Why is this baby still here? Because we did a little digging last night after Craig Newmark, founder of Craigslist, wrote back and said the people hoping to rent ad space on their infant (see below) were likely joking, and that's why no one from the Philadelphia Craigslist "community" had flagged the posting.
Turns out this is not a joke. It's a genre.
Back in March, someone posted in Filmmaker Magazine's bulletin board an Ebay auction, captioned: NC filmmaker seeks adspace on their daughter's wardrobe to finance college education/filmmaking gear.
Then, earlier this month, a Manitoba couple got cold feet after offering to use their little darling as a crawling billboard. It was another EBay transaction. They offered to let companies place ads on their baby's outdoor clothing for a year.
The AdRANTS blog was not amused:
We hope this isn't some type of new, baby ad sales network in the making soon to be roaming the halls of maturity wards, tapping on the shoulders of unsuspecting parents and handing out business cards.
Negative press made them cancel the auction. That's right, blame the media, you mercenaries.
The would-be renter said his inspiration came from south of the border, Andrew Fischer of Nebraska, who earned $37,375 by putting the logo of a snoring remedy on his forehead for a month.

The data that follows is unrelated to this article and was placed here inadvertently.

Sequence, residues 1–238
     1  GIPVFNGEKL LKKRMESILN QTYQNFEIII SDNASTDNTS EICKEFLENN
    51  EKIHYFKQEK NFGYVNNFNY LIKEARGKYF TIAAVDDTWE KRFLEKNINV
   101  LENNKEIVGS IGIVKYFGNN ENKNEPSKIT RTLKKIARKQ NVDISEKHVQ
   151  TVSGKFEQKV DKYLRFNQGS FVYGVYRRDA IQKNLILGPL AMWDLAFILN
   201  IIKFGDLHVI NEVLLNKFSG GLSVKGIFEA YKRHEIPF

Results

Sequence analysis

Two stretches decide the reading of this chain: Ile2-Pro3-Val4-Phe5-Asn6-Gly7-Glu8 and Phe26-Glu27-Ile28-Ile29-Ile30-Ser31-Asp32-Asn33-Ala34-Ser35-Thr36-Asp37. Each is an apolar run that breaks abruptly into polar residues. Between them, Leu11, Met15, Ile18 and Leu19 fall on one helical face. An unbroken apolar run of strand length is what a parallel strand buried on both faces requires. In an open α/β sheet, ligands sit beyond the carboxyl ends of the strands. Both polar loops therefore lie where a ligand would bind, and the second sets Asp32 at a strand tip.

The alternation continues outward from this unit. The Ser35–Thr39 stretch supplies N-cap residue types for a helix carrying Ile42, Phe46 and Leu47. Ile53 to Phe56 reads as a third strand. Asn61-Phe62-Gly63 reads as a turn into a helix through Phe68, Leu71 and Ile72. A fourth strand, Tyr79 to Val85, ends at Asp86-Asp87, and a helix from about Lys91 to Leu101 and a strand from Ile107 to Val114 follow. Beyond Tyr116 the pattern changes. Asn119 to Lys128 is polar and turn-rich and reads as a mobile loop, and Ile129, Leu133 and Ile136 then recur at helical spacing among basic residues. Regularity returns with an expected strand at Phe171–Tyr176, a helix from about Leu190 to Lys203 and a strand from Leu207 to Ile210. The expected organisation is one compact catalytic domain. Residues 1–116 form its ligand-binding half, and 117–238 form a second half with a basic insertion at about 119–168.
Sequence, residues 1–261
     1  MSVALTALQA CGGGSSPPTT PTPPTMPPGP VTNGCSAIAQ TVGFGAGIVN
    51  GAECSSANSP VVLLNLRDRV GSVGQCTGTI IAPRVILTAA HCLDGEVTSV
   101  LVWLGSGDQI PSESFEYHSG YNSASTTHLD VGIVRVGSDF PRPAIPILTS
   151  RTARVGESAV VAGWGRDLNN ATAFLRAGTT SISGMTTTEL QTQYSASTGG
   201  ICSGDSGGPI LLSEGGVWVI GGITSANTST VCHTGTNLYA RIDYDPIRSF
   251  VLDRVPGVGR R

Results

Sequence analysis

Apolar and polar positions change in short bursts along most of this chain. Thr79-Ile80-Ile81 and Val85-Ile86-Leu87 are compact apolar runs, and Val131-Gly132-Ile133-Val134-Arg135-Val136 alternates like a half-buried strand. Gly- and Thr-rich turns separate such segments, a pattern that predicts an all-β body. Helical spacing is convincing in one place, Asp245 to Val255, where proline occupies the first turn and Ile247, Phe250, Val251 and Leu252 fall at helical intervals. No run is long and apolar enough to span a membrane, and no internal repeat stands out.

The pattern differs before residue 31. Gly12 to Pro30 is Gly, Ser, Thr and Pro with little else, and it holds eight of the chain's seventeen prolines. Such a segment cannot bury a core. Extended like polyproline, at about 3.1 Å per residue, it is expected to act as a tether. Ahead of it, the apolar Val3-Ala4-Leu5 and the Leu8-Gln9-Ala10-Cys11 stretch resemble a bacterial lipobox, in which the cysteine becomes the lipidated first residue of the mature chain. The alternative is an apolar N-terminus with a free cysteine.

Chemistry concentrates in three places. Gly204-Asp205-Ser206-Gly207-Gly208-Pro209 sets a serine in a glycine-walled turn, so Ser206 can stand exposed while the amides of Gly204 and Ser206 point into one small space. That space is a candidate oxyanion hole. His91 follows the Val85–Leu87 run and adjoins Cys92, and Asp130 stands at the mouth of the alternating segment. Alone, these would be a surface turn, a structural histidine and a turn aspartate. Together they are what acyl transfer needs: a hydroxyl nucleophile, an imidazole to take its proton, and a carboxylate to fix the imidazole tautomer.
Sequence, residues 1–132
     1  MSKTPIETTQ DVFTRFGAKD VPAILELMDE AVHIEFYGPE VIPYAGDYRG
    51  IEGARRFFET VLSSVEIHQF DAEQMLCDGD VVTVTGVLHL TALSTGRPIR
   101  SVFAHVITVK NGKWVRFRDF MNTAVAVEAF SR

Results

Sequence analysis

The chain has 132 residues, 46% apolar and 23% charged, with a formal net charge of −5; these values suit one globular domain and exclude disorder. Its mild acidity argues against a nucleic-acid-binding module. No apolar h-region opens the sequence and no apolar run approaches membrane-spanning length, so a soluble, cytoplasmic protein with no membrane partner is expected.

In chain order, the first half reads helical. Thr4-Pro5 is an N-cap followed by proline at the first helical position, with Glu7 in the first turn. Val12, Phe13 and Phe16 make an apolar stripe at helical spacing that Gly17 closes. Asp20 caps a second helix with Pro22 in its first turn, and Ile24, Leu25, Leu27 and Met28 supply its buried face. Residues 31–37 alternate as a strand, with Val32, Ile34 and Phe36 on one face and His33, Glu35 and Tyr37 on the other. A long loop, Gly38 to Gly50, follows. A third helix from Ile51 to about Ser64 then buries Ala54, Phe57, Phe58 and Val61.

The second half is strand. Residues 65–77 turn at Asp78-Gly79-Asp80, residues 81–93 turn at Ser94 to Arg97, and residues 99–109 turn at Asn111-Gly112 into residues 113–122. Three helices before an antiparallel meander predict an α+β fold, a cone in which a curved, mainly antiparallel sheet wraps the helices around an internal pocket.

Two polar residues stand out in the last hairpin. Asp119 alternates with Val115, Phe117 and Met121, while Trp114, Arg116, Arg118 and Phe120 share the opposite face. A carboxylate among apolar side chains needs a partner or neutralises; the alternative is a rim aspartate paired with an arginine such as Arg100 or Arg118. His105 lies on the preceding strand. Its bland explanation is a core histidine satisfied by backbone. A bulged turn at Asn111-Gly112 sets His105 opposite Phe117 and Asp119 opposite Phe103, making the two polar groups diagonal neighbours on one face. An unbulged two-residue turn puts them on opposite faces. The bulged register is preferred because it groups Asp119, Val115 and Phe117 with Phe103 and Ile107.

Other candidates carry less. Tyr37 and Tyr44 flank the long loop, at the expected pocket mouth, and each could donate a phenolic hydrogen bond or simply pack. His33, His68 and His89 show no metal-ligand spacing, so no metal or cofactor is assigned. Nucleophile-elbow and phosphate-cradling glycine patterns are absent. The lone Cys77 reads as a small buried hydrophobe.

But wait, we've found precedent. A New Zealand woman rented space on her belly in February. A BBC report states that Julz Thomson made £96 when she put her expanse for auction on the Internet last week. The winning bid came from a businessman in Auckland whose company uses the slogan: "The mailman always delivers." (Thanks Andy Maykuth for your scholarship)
Ok, moving on... Get any of that annoying spamwurst from Germany over the last week or two? Turns out it was neo-Nazis. Spiegel Online was hit, too, and much of the mail linked the serious newsmagazine's articles, leading it to apologize.
By matriculating at Duke University, the class of 2004 was a group to be envied. Not only were they going to a great school, they were getting free iPods - well, free with the $39k in tuition, room and board. Turns out the idea wasn't as good as it sounded. Wasn't as useful for academics as it was for taking a break from academics. Good pub, tho...
Want to play for favorite ripped tunes at Grandma's? For you, we recommend the device that converts digital to vinyl. Looks like a turntable on steroids. Writes Engadget:
Next week, we port everything over to 8-track. Because you never know, man, you never know.